The Consumer Financial Protection Bureau is moving quickly to release a rule regulating payday lenders by the fall in a final push before the widely expected departure of Director Richard Cordray.
The CFPB's decision to finalize its arbitration rule earlier this month has bolstered the effort to finish the controversial payday rule, because it's not clear Republicans will have the necessary votes to repeal either regulation.
Though the House voted Tuesday to nullify the CFPB's arbitration rule using the Congressional Review Act, Republicans face obstacles in the Senate, where more than two GOP defections could sink the effort. The political calculus by the CFPB appears to favor moving forward with the payday rule while there is a brief window of opportunity.
"At this point, Cordray is thinking, if not now, when?" said Lucy Morris, a partner at Hudson Cook and a former deputy enforcement director at the CFPB. "There's a lot of motivation to get this rule out while Cordray is around."
Kerry Smith, a senior staff attorney at Community Legal Services of Philadelphia, said the CFPB is playing offense.
"I think the arbitration rule was a signal and the CFPB's understands that a strong offense is the best defense," Smith said.
To be sure, Cordray has not said that he plans to leave before his term ends in July 2018. But he is widely expected by Republican lawmakers to run for governor of Ohio, which would have him leaving office by the fall.
As a result, the CFPB wants to move forward on the payday lending rule before Cordray departs, according to experts. If the agency waits until after Cordray leaves, the Trump administration could try to appoint an acting director in his stead who might stop any pending rulemaking. Observers say that the agency could move ahead as early as August but that it is likely to act before the end of September.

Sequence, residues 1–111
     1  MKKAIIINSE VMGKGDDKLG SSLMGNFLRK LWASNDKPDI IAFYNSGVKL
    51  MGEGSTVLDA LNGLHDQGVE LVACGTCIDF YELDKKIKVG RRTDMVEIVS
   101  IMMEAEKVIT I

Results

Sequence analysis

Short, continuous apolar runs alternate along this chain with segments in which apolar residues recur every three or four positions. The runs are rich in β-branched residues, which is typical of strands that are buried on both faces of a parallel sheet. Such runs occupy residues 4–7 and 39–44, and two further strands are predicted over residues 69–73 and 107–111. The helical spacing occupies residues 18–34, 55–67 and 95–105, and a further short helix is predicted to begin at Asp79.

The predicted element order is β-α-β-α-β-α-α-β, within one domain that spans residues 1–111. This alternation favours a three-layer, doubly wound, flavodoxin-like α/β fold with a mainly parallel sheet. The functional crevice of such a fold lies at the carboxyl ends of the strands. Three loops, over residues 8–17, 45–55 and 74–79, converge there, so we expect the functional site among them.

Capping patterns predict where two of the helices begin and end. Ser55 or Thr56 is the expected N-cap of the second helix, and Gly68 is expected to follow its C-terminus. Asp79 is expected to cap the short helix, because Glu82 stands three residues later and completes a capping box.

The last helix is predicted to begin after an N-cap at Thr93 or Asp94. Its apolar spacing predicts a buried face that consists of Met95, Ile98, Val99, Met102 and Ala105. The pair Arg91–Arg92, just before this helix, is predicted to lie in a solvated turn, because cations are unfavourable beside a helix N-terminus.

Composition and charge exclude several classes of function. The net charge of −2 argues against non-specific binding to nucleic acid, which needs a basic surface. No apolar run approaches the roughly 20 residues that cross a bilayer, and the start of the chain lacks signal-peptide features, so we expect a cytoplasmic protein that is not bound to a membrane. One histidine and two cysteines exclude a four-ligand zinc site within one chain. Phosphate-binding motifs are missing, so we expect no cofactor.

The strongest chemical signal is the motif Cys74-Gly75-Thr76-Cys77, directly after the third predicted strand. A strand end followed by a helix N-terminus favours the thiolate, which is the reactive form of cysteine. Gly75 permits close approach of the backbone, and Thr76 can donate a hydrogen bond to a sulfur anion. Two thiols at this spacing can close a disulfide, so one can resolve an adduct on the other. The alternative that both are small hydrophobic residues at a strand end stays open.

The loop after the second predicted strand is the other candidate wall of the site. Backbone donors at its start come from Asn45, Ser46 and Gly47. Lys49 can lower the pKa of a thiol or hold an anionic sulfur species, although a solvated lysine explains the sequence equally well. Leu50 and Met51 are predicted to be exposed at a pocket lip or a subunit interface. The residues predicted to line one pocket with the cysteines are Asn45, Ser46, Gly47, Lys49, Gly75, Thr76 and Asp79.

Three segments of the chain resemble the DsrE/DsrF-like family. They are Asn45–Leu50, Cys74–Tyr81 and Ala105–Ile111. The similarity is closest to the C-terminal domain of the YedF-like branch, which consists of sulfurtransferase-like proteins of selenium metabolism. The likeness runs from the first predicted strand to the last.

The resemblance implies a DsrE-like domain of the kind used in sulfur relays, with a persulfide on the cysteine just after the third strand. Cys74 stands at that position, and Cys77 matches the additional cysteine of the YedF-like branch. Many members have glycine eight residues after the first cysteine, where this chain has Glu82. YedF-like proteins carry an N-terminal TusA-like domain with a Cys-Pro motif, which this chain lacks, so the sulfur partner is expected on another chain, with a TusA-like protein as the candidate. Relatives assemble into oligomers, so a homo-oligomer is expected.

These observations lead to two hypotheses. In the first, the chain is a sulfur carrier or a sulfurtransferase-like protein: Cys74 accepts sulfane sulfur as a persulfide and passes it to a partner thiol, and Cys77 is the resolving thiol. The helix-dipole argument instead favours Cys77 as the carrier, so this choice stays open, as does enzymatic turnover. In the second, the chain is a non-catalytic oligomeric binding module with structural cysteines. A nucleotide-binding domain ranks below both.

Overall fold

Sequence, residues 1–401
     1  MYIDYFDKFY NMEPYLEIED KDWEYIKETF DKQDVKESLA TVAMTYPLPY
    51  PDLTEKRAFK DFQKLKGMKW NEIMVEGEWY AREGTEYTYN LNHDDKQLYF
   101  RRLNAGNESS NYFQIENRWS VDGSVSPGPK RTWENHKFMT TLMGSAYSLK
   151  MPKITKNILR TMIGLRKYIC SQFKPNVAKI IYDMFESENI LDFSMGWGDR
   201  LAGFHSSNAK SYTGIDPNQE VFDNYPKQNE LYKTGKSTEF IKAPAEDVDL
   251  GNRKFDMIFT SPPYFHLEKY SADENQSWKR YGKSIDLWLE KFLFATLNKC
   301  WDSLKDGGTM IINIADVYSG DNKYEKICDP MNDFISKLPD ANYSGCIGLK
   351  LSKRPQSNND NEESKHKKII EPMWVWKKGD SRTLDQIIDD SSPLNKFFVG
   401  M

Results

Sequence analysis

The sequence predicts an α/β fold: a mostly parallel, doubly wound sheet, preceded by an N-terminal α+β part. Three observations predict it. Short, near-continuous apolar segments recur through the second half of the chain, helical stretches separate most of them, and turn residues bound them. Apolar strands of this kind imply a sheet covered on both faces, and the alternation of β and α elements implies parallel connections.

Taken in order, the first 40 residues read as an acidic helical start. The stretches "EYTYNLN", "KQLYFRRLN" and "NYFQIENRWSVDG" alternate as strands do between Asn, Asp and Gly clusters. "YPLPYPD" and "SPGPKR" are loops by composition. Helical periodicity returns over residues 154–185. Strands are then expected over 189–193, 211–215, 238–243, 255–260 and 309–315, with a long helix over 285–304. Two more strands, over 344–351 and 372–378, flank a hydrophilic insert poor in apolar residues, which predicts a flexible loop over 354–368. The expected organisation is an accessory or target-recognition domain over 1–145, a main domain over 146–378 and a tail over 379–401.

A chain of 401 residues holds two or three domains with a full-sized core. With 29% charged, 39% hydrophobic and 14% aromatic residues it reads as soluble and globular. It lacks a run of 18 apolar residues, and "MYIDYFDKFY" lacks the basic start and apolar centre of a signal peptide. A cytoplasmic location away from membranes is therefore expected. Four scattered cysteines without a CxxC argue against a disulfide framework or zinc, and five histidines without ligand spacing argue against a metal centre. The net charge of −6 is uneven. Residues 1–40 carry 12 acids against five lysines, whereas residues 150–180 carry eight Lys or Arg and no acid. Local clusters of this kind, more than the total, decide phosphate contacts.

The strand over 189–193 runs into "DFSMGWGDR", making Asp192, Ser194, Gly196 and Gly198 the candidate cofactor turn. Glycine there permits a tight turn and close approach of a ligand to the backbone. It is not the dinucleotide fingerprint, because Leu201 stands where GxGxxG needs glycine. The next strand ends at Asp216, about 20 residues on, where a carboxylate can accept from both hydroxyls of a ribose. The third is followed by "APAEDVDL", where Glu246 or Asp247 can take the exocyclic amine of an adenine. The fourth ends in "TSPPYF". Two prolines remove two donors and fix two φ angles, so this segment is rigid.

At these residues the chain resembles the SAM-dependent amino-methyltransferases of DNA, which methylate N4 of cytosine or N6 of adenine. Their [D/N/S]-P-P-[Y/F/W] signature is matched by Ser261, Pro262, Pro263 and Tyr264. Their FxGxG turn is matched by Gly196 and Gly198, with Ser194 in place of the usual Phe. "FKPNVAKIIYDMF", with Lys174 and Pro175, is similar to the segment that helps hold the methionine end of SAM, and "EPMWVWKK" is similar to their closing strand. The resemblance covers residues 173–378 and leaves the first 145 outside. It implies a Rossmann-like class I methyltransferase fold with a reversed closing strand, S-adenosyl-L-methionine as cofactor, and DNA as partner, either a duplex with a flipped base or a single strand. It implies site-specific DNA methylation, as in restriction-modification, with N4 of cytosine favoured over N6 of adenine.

The short-term, small-dollar lending industry has raised concerns about the rule, which would be the first federal regulation of payday, auto-title and certain other high-cost installment loans.
"It would be somewhat troubling if the timeline for the issuance of rule is based solely on the political calculations of the director," said Jamie Fulmer, senior vice president of public affairs at Advance America, a large lender based in Spartanburg, S.C.
The CFPB has received 1.3 million comments on its proposal, which was issued in June of last year. In its most recent rulemaking agenda, the agency said that it was carefully considering those comments. A CFPB spokesman declined to comment further.
Under the proposal, the CFPB would give lenders two options: either ensure borrowers have the ability to repay before issuing credit, or comply with limitations after the loan is issued, such as restricting how often it can be rolled over or reissued within a certain time frame.
Payday lenders have repeatedly said that the rule would drive them out of business, though the reality is likely more nuanced.